A measure of the hardness of metals, defined in 1910 by Johann A. Brinell, a Swedish engineer. Abbr, Bhn.
A known load is applied to a hardened steel ball resting on a flat surface of the metal to be tested; the diameter of the dent made is measured. The Brinell number indicating the metal's hardness is then the load on the ball in kilograms divided by the spherical surface area of the dent in sq. millimeters. In practice workers have standardized on a certain ball size (10 mm in diameter) and loads. For a 10-mm ball, the Brinell number is:
A load of 3,000 kilograms is used for hard metals, 1,500 kg for those of intermediate hardness, and 500 kg for soft metals. For very soft metals, 100 kg is sometimes used. The length of time the load is applied also influences the size of the dent; at least 10 seconds is necessary for iron and steel and at least 30 for other metals.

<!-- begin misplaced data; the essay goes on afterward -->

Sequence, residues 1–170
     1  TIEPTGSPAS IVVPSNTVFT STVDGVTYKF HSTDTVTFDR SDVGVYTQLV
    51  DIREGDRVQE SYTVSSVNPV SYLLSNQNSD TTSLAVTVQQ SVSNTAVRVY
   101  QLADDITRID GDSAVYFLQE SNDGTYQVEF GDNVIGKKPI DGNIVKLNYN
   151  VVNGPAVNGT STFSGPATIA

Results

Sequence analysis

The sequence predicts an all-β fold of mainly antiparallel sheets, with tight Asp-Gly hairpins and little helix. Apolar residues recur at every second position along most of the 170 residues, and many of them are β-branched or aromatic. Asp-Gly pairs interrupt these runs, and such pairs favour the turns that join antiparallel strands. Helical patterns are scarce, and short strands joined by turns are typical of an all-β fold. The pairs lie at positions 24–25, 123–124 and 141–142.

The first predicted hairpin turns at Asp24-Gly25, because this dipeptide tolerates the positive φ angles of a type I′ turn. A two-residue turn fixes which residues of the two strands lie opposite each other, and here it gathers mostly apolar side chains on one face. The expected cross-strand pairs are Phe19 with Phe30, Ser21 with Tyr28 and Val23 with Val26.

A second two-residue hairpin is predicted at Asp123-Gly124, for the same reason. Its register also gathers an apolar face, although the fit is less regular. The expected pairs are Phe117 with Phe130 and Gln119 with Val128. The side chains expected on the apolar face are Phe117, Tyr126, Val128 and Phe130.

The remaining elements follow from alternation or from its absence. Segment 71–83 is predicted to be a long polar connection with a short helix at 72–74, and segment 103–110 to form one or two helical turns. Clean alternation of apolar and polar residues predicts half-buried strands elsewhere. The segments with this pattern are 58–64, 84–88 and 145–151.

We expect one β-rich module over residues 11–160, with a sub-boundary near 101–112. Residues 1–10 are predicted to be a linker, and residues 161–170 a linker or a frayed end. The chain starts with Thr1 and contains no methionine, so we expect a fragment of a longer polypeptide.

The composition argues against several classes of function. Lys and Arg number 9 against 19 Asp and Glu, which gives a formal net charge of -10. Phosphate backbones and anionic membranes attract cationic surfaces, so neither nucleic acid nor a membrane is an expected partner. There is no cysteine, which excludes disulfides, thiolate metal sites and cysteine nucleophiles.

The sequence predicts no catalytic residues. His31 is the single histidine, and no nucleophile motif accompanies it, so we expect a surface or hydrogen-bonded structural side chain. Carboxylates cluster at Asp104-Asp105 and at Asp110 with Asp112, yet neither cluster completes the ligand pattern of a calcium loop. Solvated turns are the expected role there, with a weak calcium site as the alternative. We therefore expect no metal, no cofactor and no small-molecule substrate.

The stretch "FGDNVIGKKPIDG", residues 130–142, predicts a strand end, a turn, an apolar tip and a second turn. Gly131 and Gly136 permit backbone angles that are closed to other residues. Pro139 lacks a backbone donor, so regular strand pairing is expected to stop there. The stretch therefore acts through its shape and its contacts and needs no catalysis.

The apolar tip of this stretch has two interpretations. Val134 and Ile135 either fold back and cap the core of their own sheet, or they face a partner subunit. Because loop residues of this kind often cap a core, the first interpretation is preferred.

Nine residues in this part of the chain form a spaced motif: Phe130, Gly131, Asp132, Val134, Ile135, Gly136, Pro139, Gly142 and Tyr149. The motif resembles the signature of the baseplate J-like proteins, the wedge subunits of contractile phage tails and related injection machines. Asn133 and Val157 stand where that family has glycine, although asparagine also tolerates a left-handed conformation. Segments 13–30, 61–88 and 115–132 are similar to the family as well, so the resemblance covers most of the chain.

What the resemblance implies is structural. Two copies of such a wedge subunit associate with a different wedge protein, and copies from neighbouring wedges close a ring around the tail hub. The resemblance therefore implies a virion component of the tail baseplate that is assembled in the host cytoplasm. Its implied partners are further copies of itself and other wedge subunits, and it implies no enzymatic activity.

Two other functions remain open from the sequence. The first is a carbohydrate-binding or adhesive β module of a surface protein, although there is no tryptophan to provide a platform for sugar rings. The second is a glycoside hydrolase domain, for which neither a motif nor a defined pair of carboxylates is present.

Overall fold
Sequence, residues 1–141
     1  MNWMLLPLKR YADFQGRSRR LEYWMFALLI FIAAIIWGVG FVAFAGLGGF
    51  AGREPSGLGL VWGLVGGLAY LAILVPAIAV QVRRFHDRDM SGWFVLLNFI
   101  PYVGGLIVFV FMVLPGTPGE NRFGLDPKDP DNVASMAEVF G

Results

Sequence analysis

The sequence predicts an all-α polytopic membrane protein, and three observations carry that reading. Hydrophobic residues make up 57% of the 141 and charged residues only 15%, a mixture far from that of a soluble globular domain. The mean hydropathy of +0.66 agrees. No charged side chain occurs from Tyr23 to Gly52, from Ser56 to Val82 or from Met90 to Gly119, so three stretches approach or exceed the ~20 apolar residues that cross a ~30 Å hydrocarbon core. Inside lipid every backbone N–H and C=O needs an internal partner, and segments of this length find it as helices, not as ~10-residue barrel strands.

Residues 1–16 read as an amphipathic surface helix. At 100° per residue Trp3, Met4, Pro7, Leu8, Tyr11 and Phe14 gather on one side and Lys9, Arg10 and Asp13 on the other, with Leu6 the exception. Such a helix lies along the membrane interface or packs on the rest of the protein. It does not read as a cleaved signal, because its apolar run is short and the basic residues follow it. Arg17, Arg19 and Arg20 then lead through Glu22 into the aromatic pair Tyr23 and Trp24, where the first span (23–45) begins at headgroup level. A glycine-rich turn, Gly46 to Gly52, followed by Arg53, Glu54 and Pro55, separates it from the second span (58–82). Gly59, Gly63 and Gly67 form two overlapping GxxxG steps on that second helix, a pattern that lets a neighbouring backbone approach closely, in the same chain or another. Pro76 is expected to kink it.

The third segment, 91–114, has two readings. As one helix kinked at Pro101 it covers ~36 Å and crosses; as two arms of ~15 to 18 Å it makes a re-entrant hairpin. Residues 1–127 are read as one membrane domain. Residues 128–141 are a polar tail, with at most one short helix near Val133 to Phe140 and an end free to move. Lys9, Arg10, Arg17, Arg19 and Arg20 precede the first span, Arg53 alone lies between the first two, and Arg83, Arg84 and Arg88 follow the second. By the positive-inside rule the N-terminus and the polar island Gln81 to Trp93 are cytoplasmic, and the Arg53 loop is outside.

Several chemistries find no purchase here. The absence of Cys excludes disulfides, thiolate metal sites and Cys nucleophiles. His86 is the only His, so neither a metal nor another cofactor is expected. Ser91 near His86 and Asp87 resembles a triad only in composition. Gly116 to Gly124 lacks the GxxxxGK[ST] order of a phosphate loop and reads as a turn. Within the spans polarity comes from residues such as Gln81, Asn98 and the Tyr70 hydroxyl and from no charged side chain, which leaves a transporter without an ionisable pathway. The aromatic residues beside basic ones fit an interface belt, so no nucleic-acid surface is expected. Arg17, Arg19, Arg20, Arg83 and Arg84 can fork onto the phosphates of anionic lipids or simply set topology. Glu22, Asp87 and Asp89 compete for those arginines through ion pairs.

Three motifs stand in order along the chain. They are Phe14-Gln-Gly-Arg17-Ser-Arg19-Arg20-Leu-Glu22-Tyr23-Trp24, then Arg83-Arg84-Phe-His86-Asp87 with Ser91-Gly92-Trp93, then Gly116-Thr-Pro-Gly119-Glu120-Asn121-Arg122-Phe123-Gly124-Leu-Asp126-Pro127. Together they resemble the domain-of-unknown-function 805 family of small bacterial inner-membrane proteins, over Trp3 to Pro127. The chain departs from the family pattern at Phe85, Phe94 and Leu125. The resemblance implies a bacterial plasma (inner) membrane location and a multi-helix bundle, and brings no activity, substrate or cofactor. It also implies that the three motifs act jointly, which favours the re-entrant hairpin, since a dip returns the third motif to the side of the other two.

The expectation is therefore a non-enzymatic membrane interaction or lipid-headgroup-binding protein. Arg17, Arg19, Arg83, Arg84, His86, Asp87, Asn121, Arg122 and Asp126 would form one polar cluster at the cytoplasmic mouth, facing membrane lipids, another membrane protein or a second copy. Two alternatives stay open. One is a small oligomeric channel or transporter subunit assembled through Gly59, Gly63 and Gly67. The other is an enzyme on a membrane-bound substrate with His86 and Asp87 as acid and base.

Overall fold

Around 400 Brinell, hardened steel balls become noticeably flattened under 3,000 kg, and workers departed from Brinell's specifications by substituting, for example, tungsten carbide balls.
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Last revised: 8 March 2008.